Five Forks Groundwater Treatment Facility, United States of America


The new Five Forks treatment facility forms the first part of a regional solution to develop new water sources and reduce dependency on existing supplies. Having successfully completed its commissioning stages in August 2005, phase I of this Reverse Osmosis (RO) plant is now treating around 10,000m³/day of brackish groundwater to potable quality, with an expansion planned to double this by 2010.

Designed and engineered by Buchart Horn, Inc. and WATEK Engineering for the James City Service Authority (JCSA), the new plant uses membrane desalination technology modules supplied by Aquious-Water Equipment Technologies.

Phase I of the project principally involved the construction of a new facility building and the installation of the membrane system. Associated works include providing supply wells, a concentrate discharge pipeline and product water distribution main, together with ancillary grading and landscaping. The project also called for process control instrumentation and a plant-wide SCADA system.

The plant has been designed to permit easy expansion in the future. The planned second phase of the project to double capacity will add further treatment processes but will not require any major extension of the facility's infrastructure.

The phase I cost was approximately US$20 million. 75% of the project was funded by revenue bonds, with the remainder coming from JCSA reserve funds.

BACKGROUND

Like many other parts of the United States, the region is experiencing ever increasing demands on available water resources. In addition to supplying James City County itself, JCSA also provides services to certain sections of the neighbouring York County and the City of Williamsburg. The central water system has 29 wells with a further nine independent water systems with eight well facilities, which feed into over 450km of water transmission and distribution pipes, supplying around 16,500m³ to consumers daily.

Although JCSA has withdrawal permits allowing a daily extraction of over 26,500m³ of groundwater, if the current rate of growth continues, it is projected that this will prove insufficient by 2013. In addition, currently around 65% of the supplied water comes from the Chickahominy-Piney Point aquifer, which has begun to show signs of stress in recent years.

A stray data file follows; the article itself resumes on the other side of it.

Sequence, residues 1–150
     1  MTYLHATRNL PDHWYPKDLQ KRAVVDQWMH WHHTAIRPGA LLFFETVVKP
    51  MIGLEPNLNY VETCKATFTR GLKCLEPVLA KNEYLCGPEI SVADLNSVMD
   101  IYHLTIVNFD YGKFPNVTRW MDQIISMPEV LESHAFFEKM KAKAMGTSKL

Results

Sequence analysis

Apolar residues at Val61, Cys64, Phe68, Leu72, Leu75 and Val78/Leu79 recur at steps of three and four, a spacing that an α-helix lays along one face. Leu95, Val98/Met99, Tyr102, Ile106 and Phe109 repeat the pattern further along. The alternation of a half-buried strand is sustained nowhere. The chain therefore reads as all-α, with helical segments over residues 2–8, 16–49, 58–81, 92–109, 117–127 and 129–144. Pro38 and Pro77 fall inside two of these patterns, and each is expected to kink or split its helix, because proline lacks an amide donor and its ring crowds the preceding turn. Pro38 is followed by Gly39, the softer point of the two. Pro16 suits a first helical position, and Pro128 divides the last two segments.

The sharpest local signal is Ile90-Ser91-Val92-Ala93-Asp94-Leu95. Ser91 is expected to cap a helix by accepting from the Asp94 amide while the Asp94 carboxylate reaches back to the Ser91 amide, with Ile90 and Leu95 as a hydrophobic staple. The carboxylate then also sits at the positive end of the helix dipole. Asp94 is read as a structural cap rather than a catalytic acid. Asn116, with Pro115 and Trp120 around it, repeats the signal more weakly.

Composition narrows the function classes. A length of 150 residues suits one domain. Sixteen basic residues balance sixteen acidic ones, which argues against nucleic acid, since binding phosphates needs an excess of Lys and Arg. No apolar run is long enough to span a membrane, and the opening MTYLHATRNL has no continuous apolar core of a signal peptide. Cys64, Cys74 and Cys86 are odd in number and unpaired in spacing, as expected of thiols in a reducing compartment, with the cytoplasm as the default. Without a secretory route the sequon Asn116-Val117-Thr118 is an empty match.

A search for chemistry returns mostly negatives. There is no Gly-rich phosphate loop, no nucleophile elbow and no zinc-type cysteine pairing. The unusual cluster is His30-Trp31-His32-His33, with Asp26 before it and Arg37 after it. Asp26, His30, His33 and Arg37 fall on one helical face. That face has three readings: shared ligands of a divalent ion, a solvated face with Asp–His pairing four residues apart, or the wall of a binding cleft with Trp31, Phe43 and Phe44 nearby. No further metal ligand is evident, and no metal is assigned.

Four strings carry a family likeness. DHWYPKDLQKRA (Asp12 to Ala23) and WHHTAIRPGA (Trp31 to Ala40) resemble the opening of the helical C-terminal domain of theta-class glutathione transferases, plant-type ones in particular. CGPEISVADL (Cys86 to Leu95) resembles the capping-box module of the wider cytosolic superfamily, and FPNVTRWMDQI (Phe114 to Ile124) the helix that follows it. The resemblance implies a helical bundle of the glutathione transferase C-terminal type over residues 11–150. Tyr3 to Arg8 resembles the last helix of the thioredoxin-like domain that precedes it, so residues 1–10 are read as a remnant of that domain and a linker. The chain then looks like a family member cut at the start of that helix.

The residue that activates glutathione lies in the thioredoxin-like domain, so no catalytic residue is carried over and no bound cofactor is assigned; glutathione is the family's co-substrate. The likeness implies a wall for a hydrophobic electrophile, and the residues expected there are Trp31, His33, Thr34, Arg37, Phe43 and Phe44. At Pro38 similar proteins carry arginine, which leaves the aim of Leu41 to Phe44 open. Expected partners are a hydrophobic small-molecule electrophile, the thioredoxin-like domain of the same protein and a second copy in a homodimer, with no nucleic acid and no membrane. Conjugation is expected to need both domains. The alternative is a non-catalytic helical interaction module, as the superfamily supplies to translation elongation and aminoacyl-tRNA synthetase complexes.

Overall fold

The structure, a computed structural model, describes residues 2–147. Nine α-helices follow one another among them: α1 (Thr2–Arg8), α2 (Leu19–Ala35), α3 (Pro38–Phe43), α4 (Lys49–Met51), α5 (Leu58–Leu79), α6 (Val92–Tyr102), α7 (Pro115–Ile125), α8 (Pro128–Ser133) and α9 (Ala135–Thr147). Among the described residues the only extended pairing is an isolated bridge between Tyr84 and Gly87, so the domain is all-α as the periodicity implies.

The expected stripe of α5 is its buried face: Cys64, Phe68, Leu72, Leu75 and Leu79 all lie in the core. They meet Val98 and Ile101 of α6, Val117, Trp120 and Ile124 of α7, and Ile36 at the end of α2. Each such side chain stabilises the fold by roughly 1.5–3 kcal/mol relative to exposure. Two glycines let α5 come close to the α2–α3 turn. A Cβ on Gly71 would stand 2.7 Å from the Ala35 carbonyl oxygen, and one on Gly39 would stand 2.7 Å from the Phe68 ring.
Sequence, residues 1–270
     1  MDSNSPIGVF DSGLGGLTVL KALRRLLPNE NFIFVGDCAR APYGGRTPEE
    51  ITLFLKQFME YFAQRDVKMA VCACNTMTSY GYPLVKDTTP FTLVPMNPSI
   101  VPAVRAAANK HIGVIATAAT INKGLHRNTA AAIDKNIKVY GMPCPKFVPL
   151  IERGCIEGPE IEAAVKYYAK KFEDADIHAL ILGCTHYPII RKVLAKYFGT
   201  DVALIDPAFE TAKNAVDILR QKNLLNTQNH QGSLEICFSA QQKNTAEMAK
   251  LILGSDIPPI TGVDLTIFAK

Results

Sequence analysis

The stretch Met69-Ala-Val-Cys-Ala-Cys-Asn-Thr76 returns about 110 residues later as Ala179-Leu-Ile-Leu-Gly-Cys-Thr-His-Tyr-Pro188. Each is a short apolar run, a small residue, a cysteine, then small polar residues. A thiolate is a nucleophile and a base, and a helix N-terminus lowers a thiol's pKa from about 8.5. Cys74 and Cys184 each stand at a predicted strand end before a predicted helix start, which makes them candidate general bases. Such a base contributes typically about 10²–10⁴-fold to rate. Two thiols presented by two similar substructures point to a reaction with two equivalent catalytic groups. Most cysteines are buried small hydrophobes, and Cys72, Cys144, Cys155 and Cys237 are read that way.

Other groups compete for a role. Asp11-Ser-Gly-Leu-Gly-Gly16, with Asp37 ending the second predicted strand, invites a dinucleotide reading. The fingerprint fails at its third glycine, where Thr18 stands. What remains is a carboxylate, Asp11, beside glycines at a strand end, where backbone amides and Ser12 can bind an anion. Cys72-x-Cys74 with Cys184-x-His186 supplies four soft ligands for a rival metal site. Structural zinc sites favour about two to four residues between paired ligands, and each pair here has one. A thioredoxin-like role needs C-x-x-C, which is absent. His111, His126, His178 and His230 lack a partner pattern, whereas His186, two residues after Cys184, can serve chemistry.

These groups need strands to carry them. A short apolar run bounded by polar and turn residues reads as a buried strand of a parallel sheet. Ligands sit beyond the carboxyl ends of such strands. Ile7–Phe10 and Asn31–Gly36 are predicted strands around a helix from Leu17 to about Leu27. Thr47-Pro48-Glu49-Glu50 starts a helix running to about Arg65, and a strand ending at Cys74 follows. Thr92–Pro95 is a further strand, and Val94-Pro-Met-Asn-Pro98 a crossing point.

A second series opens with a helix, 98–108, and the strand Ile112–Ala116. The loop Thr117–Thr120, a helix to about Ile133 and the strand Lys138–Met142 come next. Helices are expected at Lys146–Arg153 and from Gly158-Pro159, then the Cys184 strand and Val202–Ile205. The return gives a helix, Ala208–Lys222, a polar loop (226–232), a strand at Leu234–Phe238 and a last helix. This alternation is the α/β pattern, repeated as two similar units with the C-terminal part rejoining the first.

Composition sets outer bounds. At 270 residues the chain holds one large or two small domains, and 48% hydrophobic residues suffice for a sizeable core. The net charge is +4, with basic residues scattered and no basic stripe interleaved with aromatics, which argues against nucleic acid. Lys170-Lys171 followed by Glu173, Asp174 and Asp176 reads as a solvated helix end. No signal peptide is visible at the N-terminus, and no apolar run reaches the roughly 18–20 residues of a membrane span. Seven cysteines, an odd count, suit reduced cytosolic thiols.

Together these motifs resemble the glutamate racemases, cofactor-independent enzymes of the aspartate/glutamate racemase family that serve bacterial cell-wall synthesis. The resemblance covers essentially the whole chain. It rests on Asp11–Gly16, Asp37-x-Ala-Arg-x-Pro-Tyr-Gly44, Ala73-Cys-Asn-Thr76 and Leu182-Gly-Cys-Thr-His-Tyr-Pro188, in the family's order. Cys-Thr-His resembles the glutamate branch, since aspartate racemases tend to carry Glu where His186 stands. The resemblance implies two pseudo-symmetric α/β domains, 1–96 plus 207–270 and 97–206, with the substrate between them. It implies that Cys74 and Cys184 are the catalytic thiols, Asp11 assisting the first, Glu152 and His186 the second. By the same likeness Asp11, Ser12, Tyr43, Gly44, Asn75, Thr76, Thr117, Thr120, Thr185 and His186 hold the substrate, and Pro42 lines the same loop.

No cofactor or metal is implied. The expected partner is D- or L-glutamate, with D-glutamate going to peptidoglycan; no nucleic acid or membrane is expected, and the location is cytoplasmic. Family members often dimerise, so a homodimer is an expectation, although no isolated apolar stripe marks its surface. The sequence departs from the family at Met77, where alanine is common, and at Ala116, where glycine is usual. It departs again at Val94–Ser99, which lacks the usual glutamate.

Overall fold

Facing a need to source an additional annual 5,530,000m³ to meet predicted needs to 2040, the authority has instigated a programme of water conservation and joined a major regional effort to supplement available supplies with surface water or desalinated groundwater.

The two phases of the Five Forks project form the first part of the response, but it is generally felt that by 2015, a Peninsula-wide regional solution will be necessary to ensure future sustainable water supply. What form this may take has not yet been decided, but the use of water from the King William Reservoir and a second RO treatment facility are thought to be two likely options.

THE REVERSE OSMOSIS PLANT

Five on-site wells provide the facility with brackish water from the Middle and Lower Potomac aquifers, which is subsequently pumped to the RO trains, entering under high pressure.

The installed membrane system itself comprises four RO modules with a capacity to produce 3,800m³/day of potable water each. Phase I utilises two of these trains to provide treatment for the plant's throughput of around 10,000m³/day of raw extracted water.

Around 80% of this input is converted into product water, with the remaining 20%, which forms the concentrate stream, being discharged into the James River, via a 0.3m diameter underground pipeline. The product water is then mixed with water from other sources to provide a palatable blend for supply before being chemically treated and distributed via a new 0.4m main.

The two additional RO modules required to double the plant capacity in phase II are also currently in place - obtained at the same time to ensure identical equipment - and will simply require connection to provide the planned future expansion. Although this is scheduled for 2009/2010, the successful conclusion of start up in August 2005 led to some discussion regarding the possibility of moving ahead more quickly.

KEY PLAYERS

The project was sponsored by James City Service Authority and design engineering was done by Buchart Horn / Watek. Rostek Associates were responsible for the membrane / desalination processes and obtaining permit consents. Aquious-WET supplied the RO system, instrumentation, controls and provided computer programming for the plant wide SCADA system; Aquious also provide on-going support. SEA were responsible for the concentrate line and plant pipe-work; AES were consulting engineers.